Naomi and Ruth’s ‘kinsman-redeemer’….and the Good Shepherd

1 06 2011

DAY ONE HUNDRED AND THIRTY SEVEN : Ruth 3 v. 1 – 4 v. 22; John 9 v. 35 – 10 v. 21; Psalm 62 v. 1 – 12

Ruth and Boaz at the Threshing-Floor – Naomi has been thinking things through, and can see Boaz as the kinsman-redeemer Ruth needs, so she gets Ruth to dress up, perfume herself and go and lie at Boaz’s feet after his hard days night at the threshing floor. When Ruth does this, Boaz is deeply touched by her devotion, and that she has not chased after younger men, but realises that there’s a closer kinsman-redeemer who ought to be asked first, before Boaz takes Ruth as his wife. He sends Ruth back to Naomi (early enough in the morning before anyone would know that she had been there) with six measures of barley, and Ruth fills Naomi in on everything that had happened.

Boaz Marries Ruth – before the whole town (at the gate), Boaz meets with the closer kinsman-redeemer, and brings ten town elders as witnesses. There is the redeeming of Elimelech’s land to deal with first (witness Boaz’s integrity and honesty, once again), which the closer relative confirms he will buy. When Boaz goes on to state that whoever owns that land takes on the care of the widow(s), the closer relative declines, and passes the offer right back to Boaz. As a sign that this transaction is final (‘is that your final answer?’), the man takes off his sandal (ancient Israeli custom). Boaz states clearly, before the witnesses he has assembled, that he is buying Elimelech’s land from Naomi, and that he takes Ruth as his wife, to continue Elimelech’s family name. The witnesses approve the actions, and add their blessing :
‘May you have standing in Ephrathah and be famous in Bethlehem. Through the offspring the Lord gives you by this young woman, may your family be like that of Perez, whom Tamar bore to Judah.’

Well, Ruth and Boaz will have a very impressive family tree, long into the future, so their blessing is well answered!
Just note the care Boaz has gone to, to ensure it’s all above-board, and seen to be very well thought through and approved.

The Genealogy of David –
and so for the punchline of this little, inspiring, heart-warming book…
‘So Boaz took Ruth as his wife…and the Lord enabled her to conceive, and she gave birth to a son…
‘Praise be to the Lord, who this day has not left you without a kinsman-redeemer. May he become famous throughout Israel!’ the women said to Naomi.
And they named him Obed. He was the father of Jesse, the father of David.’

Wow !! See how God works through the bold, simple and faithful decisions human beings make, bringing His great master-plan into being. Boaz, the kinsman-redeemer becomes the great-grandfather of King David, and the many-times-great grandfather of ‘The Redeemer’ himself. All because of Ruth’s faithfulness to her mother-in-law.
Amazing story.

Spiritual Blindness – so, yesterday we read of Jesus bringing sight to the man born blind. Yet it seems it is the Pharisees who are truly blind to who Jesus is, so the conversation today is all about spiritual blindness.

I just keep remembering God’s first words in Genesis : ‘Let there be light’, and Jesus being ‘Light for the world’ – God is in the business of illumination !!.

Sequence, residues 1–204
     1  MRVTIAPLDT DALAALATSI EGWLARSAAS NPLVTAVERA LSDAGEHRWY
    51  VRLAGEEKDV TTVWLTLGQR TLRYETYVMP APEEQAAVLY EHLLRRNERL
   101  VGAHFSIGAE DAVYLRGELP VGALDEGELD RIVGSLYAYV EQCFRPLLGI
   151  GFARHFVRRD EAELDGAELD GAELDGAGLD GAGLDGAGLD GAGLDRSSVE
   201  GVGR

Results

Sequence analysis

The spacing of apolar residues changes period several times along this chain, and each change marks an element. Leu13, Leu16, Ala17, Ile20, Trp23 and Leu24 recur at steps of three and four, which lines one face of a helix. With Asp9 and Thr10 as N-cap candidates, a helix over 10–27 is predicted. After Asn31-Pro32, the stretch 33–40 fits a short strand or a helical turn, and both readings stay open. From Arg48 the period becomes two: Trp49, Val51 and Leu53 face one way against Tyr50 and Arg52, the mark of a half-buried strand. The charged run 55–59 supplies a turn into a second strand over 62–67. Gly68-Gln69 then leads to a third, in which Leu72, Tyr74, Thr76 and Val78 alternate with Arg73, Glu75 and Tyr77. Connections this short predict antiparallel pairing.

Jesus meets the man He’d given sight to, once again, and asks him if he believes in the Son of Man, who He says is standing right in front of him.
‘Then the man said, ‘Lord, I believe’, and he worshipped him.’
It’s the Pharisees, in their unbelief, who remain ‘blind’, and whose guilt remains though they are claiming they can see.
‘For judgment I have come into this world, so that the blind will see and those who see will become blind’.

The Shepherd and His Flock – having been speaking about those who see and those who don’t Jesus continues to teach about those who hear His voice and those who don’t, by talking about shepherds as opposed to thieves and robbers. A shepherd enters the sheep pen through the gate, whilst robbers climb in another way. But the shepherd
‘call his own sheep by name and he leads them out…his sheep follow him because they know his voice.’
‘I am the gate for the sheep…whoever enters through me will be saved…
I am the good shepherd…who lays down his life for the sheep.
I am the good shepherd…I know my sheep and my sheep know my me, just as the Father knows me and I know the Father – and I lay down my life for the sheep.
I have other sheep that are not of this sheep pen. I must bring them also. They too will listen to my voice, and there shall be one flock and one shepherd.’

and Jesus concludes His talk claiming authority from the Father, and stating that no-one will take His life from Him, He will lay it down and take it up again.
These words Jesus speaks divide opinion, some again claiming He is demon-possessed, others that He can’t possibly be demon-possessed and do and say all that they are experiencing.

the image of the shepherd and the sheep is a powerful one – the shepherd protects the sheep, goes after those that are lost or hurt, leads the sheep to ‘still waters’ and good pasture, and at times literally lays down his life for the sheep (lying across the gateway into the sheep pen as ultimate protection for the sheep, safe inside) – a strong image when you realise, also, that this Shepherd is the Lamb of God – both/and!

‘My soul finds rest in God alone; my salvation comes from him.
He alone is my rock and my salvation; he is my fortress, I shall never be shaken.’
‘Trust in Him at all times, O people; pour out your hearts to Him, for God is our refuge.’




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